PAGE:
Major improvements in the regulatory environment as well as changes in strategies of multinational companies have led to a decrease in the time to marketing authorisation as well as an increase in the number of medicines that have become available over the last decade, 2008-2017, across six major regulatory agencies, namely the European Medicines Agency (EMA), the US Food and Drug Administration (FDA), the Japan Pharmaceuticals and Medical Devices Agency (PMDA), Health Canada, Swissmedic and the Australian Therapeutic Goods Administration (TGA). More specifically, the number of common products approved by all six agencies increased from 12 in 2008-2012 to 51 in 2013-2017.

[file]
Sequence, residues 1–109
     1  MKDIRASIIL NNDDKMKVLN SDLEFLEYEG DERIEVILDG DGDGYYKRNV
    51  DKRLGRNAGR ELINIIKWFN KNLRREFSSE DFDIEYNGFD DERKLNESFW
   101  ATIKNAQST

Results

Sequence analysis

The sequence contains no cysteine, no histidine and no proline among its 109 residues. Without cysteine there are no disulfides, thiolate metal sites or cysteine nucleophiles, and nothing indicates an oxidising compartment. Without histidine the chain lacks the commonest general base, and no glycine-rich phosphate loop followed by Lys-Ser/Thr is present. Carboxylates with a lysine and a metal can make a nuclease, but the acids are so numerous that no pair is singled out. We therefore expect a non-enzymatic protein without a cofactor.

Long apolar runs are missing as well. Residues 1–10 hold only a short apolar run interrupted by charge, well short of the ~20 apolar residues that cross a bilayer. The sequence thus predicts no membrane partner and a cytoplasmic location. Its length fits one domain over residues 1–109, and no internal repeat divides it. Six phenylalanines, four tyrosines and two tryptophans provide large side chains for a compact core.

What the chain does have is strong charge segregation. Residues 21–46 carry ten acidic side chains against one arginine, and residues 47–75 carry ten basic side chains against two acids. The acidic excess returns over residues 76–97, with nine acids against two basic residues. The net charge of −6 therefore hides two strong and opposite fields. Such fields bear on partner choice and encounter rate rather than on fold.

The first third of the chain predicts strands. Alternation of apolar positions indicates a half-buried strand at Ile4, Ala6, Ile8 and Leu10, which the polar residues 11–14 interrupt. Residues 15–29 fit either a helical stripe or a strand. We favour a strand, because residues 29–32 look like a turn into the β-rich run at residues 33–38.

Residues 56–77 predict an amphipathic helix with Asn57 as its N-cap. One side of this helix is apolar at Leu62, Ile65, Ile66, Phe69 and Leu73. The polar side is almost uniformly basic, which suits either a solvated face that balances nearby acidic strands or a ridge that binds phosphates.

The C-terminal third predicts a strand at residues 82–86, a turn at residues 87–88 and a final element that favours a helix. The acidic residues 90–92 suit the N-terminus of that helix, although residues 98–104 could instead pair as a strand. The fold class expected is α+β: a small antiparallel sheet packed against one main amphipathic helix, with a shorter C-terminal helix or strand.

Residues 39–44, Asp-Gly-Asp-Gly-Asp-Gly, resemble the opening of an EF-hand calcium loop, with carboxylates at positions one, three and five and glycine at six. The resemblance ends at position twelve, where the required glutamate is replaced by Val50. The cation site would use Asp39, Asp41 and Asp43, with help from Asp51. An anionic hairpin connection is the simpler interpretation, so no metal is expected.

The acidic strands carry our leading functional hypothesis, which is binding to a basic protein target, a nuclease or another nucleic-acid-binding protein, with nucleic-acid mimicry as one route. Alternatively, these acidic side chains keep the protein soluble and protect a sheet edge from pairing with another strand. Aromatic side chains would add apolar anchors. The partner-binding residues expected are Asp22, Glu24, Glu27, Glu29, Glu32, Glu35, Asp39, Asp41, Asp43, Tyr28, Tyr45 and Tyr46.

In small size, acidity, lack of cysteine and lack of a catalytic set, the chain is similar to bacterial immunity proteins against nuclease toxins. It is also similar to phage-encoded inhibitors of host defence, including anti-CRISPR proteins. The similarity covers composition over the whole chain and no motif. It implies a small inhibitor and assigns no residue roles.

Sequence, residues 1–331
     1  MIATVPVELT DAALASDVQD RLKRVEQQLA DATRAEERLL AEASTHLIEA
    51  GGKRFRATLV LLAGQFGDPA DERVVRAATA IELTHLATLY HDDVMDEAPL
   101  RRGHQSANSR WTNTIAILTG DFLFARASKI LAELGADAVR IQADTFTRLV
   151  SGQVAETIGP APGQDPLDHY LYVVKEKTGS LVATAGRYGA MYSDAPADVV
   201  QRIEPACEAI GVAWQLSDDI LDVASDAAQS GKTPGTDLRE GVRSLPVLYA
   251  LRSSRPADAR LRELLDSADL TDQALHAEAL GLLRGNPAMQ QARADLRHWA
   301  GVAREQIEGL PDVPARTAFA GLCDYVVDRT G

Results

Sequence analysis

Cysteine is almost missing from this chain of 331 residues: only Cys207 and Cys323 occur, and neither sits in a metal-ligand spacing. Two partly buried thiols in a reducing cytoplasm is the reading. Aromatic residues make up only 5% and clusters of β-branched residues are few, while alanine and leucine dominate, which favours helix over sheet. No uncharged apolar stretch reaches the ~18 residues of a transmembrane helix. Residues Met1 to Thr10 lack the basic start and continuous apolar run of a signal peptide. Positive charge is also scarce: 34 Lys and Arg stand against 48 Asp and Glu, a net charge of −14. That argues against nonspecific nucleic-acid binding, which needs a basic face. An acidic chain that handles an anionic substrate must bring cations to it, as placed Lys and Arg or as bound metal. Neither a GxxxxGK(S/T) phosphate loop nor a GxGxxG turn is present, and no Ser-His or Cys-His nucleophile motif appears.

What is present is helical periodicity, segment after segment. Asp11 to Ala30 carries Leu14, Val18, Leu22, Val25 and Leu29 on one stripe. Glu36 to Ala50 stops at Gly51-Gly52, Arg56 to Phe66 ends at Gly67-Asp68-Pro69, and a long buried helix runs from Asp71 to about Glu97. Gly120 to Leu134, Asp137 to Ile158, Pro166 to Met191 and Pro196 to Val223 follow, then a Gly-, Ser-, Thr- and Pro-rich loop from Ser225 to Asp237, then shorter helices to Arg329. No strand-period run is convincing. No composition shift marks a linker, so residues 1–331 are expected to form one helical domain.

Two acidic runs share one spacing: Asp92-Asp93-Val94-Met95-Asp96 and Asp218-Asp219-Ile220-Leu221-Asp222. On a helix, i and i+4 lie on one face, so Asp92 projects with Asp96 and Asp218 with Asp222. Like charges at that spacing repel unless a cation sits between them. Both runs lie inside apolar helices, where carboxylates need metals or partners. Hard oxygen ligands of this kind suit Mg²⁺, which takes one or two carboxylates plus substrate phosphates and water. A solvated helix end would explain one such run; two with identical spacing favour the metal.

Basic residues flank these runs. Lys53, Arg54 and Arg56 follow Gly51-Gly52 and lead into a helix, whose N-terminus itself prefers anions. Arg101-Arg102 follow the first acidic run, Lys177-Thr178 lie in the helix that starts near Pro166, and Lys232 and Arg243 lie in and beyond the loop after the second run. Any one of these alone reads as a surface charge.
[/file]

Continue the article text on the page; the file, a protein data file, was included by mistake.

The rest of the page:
Underlying factors influencing the overall time it takes for a new medicine to be submitted and then approved by an agency include company strategy, the conduct and the type of the review process, the type of the product and its therapeutic area; these aspects are analysed and discussed in this study. Nevertheless, one of the key factors that may determine the likelihood and timing of submission is the size of the sponsor, which will be a focus of this Briefing, where a medicine may be less likely to become internationalised beyond the first country of submission if it is developed by a smaller company.